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Acknowledgements

This work was supported by Chinese National Natural Science Foundation Projects (31170712, 81222005); Special Funds for Major State Basic Research of China (2012AA020206, 2014CBA02001, 2012ZX09301003-001-001, and 2013CB910800), and Beijing Nova Program (xx2012040).

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Author notes

    • Xiao-Ming Dong
    • , En-Dong Liu
    •  & Yun-Xiao Meng

    These authors contributed equally to this work.

Affiliations

  1. Tianjin University, School of Chemical Engineering and Technology, Department of pharmaceutical engineering, Tianjin 300072, China

    • Xiao-Ming Dong
    • , Yan-Chao Jin
    •  & Xiao-Ming Yang
  2. State Key Laboratory of Proteomics, Beijing Proteome Research Center, Beijing Institute of Radiation Medicine, Beijing 100850, China

    • Xiao-Ming Dong
    • , Liu-Jun Tang
    • , Jian Wang
    • , Chao Zhang
    • , Miao Yu
    • , Yi-Qun Zhan
    • , Hui Chen
    • , Chang-Hui Ge
    • , Xiao-Ming Yang
    •  & Chang-Yan Li
  3. AnHui Medical University, Hefei, 230032, China

    • En-Dong Liu
    • , Chao Liu
    • , Jing-Hui Yao
    • , Min Li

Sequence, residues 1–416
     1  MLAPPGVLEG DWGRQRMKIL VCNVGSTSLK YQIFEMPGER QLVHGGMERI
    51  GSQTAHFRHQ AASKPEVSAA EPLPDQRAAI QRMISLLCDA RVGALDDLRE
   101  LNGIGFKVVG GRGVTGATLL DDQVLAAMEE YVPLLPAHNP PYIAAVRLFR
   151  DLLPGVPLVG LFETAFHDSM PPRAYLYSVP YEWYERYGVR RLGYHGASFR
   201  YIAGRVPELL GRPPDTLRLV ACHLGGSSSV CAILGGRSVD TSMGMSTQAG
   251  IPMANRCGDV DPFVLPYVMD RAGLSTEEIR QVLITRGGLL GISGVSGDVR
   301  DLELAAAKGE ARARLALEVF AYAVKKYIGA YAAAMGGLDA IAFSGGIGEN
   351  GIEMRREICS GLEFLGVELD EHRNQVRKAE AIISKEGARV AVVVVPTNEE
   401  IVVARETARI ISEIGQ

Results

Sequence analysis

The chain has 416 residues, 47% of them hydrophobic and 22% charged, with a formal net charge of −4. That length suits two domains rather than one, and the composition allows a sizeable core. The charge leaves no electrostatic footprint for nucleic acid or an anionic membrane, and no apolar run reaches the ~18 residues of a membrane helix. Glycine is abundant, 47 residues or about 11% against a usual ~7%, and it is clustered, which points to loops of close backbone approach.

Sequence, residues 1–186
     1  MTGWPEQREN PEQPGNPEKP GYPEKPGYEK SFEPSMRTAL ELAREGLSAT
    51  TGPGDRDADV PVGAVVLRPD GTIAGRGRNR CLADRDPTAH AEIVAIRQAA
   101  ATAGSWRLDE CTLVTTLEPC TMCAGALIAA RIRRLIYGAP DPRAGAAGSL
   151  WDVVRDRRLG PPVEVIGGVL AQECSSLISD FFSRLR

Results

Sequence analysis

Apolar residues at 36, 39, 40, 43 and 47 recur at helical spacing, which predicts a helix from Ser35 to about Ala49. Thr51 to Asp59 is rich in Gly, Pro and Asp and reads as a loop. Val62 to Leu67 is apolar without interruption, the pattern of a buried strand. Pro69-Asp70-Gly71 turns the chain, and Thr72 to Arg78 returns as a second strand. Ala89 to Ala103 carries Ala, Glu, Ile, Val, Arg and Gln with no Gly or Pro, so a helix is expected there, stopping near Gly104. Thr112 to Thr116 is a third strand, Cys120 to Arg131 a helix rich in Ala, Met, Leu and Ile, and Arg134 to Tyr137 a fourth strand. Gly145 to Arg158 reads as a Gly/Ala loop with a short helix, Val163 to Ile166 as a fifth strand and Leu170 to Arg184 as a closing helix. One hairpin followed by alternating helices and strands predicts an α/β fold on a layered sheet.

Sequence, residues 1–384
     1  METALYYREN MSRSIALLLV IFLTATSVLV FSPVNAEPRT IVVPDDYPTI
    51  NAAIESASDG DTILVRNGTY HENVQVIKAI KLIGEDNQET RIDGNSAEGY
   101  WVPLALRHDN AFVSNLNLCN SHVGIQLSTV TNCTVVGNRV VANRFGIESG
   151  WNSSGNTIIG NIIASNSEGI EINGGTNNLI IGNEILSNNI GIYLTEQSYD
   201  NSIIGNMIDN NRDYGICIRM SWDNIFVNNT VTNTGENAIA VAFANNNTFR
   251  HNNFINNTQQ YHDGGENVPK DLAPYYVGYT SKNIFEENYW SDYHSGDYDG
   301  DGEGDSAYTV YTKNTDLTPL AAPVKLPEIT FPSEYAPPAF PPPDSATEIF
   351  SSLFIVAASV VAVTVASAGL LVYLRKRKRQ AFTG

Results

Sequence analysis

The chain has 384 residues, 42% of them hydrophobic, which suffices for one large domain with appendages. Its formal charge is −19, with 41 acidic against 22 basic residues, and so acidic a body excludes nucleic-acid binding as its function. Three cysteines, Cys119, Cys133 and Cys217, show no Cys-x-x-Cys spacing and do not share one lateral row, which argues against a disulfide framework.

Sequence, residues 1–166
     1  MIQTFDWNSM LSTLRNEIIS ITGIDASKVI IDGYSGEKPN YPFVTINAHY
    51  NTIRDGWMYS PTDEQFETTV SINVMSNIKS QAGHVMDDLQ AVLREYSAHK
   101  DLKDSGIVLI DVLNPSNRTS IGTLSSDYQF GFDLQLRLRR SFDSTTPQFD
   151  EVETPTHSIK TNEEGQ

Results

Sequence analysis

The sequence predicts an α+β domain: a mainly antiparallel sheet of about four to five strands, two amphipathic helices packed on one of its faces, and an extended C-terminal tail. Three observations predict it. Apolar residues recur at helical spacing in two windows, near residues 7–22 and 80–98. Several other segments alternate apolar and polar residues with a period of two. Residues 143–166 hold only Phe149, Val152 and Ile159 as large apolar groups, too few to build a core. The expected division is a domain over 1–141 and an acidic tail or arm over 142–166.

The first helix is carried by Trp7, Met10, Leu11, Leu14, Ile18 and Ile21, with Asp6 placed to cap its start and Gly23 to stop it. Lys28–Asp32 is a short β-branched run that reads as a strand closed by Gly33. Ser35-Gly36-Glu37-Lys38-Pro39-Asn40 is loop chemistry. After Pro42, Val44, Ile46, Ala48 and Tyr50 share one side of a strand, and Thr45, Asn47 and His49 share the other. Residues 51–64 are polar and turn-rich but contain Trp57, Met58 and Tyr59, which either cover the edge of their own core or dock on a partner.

•  & Chang-Yan Li
  4. Department of Pathology, Peking Union Medical College Hospital, Chinese Academy of Medical Sciences and Peking Union Medical College, Tsinghua University, 1 Shuai Fu Yuan Hu Tong, Beijing 100730, China

    • Yun-Xiao Meng
    • , Ya-Lan Bi
    •  & Huan-Wen Wu

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Contributions

X.-M.D., E.-D.L., Y.-X.M., C.L., Y.-L.B., H.-W.W., Y.-C.J., J.-H.Y., L.-J.T., J.W., M.L., C.Z., M.Y., Y.-Q.Z., H.C. and C.-H.G. performed the experiments. C.-Y.L. designed and performed experiments, analyzed the data and contributing to writing the manuscript. X.-M.Y. designed the experiments and contributed to writing the manuscript.

Competing interests

The authors declare no competing financial interests.

Corresponding authors

Correspondence to Xiao-Ming Yang or Chang-Yan Li.